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How Can Gut Health Influence Hair Health?

    Quick Summary: Gut Health & Hair Health

    Gut Health Insights: The gut microbiome, a diverse community of microorganisms in our gut, plays a vital role in overall wellness. It impacts nutrient absorption, immune function, and even hair health.

    Microbiome’s Impact on Hair: A balanced gut microbiome supports the absorption of nutrients crucial for healthy hair, like biotin and vitamin B12. Imbalances may affect hair growth and scalp health.

    Latest Research Highlights: Recent studies highlight the significant association between gut microbiome imbalances and autoimmune hair loss conditions like alopecia areata, as well as total body hair loss seen in Alopecia Universalis. Additionally, disruptions in the gut microbiome, known as gut dysbiosis, can contribute to various forms of alopecia, underscoring the importance of the gut-hair connection in maintaining healthy hair.

    Enhancing Gut Health for Healthy Hair: Enhance your gut health for healthier hair by prioritising a diverse diet rich in fruits, vegetables, lean proteins, and whole grains, while also considering probiotic supplements to maintain gut microbial balance. Use antibiotics sparingly to avoid disrupting your gut flora, and complement your efforts with regular exercise, quality sleep, and stress management practices to support optimal gut health and promote vibrant hair growth.

    Key Takeaway: Improving gut health can positively impact hair health, but it’s important to consult with a healthcare professional before making significant lifestyle and dietary changes or medication adjustments. Your doctor can provide personalised guidance based on your unique health needs and goals.

    gut health and healthy hair

    What is Gut Health?

    The health of our gut can be an important cornerstone of your general physical and mental health. The intricate balance of diverse microorganisms growing within it is collectively is referred to as the gut microbiome. The gut microbiome performs a myriad of essential functions such as aiding digestion of food, as well as  shielding us from harmful pathogens. Importantly, their role extends to influencing hair health, a connection that is being researched more and more.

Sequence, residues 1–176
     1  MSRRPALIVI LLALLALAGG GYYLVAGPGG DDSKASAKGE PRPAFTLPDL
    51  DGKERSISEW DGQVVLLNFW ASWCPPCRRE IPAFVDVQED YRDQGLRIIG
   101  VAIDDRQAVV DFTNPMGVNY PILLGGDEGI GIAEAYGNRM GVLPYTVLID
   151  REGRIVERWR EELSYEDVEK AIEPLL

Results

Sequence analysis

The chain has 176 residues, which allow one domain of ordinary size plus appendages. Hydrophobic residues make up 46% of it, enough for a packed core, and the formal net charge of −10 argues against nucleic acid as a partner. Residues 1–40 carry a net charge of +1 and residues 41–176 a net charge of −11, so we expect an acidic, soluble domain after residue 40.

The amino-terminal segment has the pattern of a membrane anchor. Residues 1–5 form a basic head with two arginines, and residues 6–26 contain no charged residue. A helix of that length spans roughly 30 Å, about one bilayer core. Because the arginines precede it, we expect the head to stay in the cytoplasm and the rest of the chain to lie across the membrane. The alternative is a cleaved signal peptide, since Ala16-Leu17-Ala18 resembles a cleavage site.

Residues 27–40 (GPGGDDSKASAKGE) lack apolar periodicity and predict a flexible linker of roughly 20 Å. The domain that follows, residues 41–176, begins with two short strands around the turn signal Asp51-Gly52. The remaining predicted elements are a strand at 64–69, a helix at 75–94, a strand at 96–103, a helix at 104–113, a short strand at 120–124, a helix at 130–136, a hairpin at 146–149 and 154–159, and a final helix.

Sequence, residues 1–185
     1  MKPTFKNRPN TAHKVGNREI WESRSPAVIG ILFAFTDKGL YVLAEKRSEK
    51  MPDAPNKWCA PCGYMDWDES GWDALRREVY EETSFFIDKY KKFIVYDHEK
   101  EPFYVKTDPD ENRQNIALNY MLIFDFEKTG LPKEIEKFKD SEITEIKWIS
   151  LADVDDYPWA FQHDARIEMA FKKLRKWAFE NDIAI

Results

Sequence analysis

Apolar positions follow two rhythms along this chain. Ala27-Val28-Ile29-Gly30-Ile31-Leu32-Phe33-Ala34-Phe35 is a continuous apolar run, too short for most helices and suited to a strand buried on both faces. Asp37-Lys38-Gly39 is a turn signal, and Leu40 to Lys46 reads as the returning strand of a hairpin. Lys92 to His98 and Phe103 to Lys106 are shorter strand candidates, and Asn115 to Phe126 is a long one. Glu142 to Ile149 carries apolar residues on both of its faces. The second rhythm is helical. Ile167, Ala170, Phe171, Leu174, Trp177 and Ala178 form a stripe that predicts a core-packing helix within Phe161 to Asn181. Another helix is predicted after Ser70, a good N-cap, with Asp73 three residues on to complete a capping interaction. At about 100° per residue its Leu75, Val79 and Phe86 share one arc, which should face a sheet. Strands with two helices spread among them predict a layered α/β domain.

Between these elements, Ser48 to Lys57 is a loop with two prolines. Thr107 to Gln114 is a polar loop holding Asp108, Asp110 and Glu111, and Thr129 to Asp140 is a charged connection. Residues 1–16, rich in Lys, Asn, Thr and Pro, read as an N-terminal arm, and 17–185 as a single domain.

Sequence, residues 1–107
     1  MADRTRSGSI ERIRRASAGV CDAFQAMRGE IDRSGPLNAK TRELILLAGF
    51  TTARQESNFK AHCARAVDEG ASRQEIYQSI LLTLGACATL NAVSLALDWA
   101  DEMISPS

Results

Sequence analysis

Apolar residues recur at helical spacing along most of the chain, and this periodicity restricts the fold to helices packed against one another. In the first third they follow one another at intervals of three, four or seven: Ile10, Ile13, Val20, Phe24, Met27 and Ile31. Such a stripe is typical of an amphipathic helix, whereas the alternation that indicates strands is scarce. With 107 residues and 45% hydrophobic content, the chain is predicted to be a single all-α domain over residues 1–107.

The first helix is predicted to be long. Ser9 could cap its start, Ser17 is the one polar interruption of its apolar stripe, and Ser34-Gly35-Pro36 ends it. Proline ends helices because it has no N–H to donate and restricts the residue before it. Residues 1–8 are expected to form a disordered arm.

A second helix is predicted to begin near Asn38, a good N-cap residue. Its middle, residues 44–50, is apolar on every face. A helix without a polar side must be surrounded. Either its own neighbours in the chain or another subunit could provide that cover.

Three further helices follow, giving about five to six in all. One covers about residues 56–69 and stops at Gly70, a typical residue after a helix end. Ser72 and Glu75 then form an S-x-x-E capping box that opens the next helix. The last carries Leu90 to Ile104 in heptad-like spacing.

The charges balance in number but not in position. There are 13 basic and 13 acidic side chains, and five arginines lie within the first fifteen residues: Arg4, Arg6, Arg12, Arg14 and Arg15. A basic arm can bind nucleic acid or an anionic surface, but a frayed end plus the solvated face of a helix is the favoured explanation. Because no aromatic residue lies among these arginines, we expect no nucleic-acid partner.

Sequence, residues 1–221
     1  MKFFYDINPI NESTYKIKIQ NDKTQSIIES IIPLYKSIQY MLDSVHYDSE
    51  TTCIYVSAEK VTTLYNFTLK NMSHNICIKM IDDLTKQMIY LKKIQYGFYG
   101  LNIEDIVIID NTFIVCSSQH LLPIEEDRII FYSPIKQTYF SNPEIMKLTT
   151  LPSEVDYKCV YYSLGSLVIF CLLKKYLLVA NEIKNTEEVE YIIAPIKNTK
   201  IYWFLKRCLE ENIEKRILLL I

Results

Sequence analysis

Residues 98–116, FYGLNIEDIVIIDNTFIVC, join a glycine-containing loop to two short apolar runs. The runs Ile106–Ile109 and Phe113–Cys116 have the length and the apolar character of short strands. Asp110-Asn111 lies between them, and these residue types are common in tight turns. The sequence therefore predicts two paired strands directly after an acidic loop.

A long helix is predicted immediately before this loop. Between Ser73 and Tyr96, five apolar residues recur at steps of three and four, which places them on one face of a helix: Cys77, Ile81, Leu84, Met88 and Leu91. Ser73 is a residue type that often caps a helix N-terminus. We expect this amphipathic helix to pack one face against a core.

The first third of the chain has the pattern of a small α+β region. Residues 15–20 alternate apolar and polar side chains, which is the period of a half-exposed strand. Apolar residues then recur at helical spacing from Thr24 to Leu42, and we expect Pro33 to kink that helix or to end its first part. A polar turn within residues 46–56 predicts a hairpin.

An imbalance in the gut microbiome can disrupt key bodily processes, such as the ability to absorb and break down nutrients, immune responses, and protection against pathogens.1 Such disruptions can trigger a range of health issues, some of which may directly or indirectly impact the health of your hair. At The Treatment Rooms, we hope to help our patients understand the necessity of maintaining this complex ecosystem within our gut, as it is important not just for our overall health but also for ensuring the vitality and health of our hair.

    healthy gut and hair health

    The Role of the Microbiome: Gut Flora’s Influence on Hair

    Every person has a unique microbiome. A healthy one contains a diversity of bacteria, fungi, and viruses. They help to process nutrients that are essential for healthy hair, such as biotin, folate, and vitamin B12, and play a role in the immune response that can affect scalp health and hair growth.
    Research has found that diet directly shapes your gut microbiome, impacting its composition and function. These changes in the gut can influence hair health, making a balanced diet crucial for maintaining both digestive wellness and hair health.2

    What’s New in Gut-Hair Axis Research: Recent Highlights

    1. Impact on Autoimmune Hair Loss: Recent research explored the gut’s role in autoimmune hair loss conditions like alopecia areata. Studies suggest a connection between gut microbiota imbalances and the subsequent inflammatory response to this form of hair loss. Interventions like faecal transplants and probiotics are being explored for their potential in managing hair loss, though further research is needed for clearer insights.3,4
    2. The Microbiome and Alopecia Universalis: In cases of Alopecia Universalis (total body hair loss), specific bacteria types are more prevalent in the gut microbiome. This discovery could pave the way for new diagnostic tools and treatment options, hinting at the microbiome’s role in this disease’s development.3
    3. Gut Dysbiosis and Hair Loss: Dysbiosis, or gut microbiome disruption, has been correlated with various alopecia forms, including Androgenetic Alopecia and Alopecia Universalis. While definitive evidence is still forthcoming, these links point to gut health as a potential factor in hair loss conditions.3
    4. Alopecia and Inflammatory Bowel Disease Link: A notable study investigating the connection between alopecia and Inflammatory Bowel Disease (IBD) revealed a significant association. The inflammatory effects from IBD could influence certain types of alopecia, suggesting that patients with alopecia may benefit from IBD screenings.5